I have always been able to count on Colin and the team of Nicholson Cycles in the last three years
People who read my blogs know that it did not pan out this way. One of the things I was confronted with was that this low profile job I chose did not really work the way I had intended it! Turned out I was not the person who could just see a job for a job and leave it at the door came 5pm. I loved the challenge to improve the level of horse care offered by the practice and raising the level of expertise by helping my colleagues and clients. Although the working hours at Thrums were much more controlled than in my previous jobs, being a vet was as much part of being me as it had always been and I realised it did not mean any less to me as the desire to be an athlete.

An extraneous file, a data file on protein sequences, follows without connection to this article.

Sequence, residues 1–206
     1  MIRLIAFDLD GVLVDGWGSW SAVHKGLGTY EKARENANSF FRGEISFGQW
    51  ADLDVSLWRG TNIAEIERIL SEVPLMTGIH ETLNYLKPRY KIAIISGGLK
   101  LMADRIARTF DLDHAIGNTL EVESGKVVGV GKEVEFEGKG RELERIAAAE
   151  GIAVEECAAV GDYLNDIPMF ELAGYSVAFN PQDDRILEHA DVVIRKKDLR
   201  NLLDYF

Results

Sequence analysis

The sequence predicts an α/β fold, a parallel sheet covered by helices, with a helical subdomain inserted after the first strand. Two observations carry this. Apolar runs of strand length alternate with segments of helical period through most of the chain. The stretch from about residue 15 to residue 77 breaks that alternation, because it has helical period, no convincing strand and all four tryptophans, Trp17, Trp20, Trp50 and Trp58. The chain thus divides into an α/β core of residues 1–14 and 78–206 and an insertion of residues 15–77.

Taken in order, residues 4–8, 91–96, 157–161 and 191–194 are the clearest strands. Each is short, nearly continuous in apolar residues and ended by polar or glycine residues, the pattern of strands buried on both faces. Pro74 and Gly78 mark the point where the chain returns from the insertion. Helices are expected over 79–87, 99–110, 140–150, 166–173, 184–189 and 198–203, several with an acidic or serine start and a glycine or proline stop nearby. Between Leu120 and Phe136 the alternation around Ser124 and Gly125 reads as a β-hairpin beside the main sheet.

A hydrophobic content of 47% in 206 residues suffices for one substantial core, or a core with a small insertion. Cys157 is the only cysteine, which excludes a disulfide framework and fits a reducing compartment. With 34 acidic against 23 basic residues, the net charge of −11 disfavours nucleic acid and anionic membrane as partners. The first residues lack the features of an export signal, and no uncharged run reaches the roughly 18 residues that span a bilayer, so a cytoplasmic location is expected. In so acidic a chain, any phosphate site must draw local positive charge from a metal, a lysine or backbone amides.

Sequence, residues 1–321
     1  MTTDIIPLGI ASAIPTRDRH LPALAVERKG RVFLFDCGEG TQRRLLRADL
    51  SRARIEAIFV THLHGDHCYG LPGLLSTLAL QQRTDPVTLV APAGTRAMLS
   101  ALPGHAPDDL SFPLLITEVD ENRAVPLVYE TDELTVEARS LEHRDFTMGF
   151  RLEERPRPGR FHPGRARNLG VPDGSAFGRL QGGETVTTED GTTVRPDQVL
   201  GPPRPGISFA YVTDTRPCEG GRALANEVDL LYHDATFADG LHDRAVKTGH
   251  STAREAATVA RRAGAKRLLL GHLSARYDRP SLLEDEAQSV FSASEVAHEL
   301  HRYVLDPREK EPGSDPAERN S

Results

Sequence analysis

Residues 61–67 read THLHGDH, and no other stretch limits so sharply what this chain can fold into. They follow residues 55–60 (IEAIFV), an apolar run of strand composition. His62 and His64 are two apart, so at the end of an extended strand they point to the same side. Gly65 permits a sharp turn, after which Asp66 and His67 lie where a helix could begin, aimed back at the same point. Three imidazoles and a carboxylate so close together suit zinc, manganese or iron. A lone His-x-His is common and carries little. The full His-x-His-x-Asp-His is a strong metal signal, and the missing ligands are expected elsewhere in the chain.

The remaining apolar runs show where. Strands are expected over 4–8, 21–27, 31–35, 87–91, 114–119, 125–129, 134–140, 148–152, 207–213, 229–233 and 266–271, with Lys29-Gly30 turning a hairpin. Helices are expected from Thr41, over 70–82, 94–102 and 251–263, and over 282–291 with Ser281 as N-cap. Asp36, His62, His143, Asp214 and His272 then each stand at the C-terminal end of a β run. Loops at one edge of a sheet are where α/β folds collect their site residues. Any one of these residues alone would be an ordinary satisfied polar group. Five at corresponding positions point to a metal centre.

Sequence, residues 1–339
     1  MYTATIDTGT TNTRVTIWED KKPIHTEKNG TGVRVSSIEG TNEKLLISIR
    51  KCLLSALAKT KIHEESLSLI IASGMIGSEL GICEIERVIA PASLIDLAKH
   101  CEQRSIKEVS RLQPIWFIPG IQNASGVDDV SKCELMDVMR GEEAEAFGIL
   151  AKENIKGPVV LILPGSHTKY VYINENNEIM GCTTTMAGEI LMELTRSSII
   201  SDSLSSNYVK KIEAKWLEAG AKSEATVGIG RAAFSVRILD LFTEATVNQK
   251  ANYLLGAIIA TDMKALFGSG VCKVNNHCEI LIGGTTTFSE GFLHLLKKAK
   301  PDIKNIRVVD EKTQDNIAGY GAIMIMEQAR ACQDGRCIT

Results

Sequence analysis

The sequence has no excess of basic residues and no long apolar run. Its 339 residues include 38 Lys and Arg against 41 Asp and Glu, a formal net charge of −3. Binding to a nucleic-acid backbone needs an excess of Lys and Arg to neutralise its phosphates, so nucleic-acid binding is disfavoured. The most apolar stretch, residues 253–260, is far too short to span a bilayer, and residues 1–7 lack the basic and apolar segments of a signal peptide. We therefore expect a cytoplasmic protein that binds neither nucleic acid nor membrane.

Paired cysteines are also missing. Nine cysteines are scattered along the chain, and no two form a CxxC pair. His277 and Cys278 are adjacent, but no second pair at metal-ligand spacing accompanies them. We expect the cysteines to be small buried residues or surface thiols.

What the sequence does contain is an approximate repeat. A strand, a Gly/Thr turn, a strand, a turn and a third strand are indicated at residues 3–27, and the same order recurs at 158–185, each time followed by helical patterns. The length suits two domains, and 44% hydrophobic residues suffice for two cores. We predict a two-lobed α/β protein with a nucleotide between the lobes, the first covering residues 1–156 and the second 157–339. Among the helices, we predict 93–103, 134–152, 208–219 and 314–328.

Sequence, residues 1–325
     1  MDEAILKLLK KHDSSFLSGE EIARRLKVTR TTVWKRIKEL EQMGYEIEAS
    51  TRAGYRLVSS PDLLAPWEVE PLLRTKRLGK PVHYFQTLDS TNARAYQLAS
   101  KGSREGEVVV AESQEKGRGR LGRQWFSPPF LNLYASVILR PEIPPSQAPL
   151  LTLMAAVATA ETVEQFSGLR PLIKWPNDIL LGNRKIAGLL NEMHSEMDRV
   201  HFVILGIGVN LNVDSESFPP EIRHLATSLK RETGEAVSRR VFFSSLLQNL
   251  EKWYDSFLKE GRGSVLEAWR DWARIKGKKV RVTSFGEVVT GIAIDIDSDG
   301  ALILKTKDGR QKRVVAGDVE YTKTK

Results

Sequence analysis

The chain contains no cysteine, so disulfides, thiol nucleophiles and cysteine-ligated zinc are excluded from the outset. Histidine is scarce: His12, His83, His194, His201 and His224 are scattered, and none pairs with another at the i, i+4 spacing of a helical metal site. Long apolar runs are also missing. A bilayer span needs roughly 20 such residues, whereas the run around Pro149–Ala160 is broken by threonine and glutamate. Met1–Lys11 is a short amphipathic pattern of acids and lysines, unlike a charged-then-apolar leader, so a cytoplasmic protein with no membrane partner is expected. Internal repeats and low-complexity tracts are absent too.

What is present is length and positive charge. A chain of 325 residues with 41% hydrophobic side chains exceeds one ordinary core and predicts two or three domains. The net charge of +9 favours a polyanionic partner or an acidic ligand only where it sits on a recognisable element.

Standing on the start line with sporting hero's like multiple MTB World Champion Annika Langvad almost felt surreal at times!!
Slowly but surely I started to feel torn between my professional world as a vet and me wanting to break into the professional world as an athlete, and unfortunately there was not much if not to say no overlap between the two worlds. At work I was seen as crazy spending 5 hours on the bike in temperatures below zero, and to my fellow athletes it was hard to explain that I had to work weekend duty and on call shifts, which sometimes meant I had no days off for two consecutive weeks, that I had no choice in missing important races due to work commitments or that I was replying to work emails about sick horses just before the start of a race. I tried my hardest to combine the two worlds, it was my dream, it was my existence, it was what I came out to do moving back to Europe but I learned that it was simply unrealistic.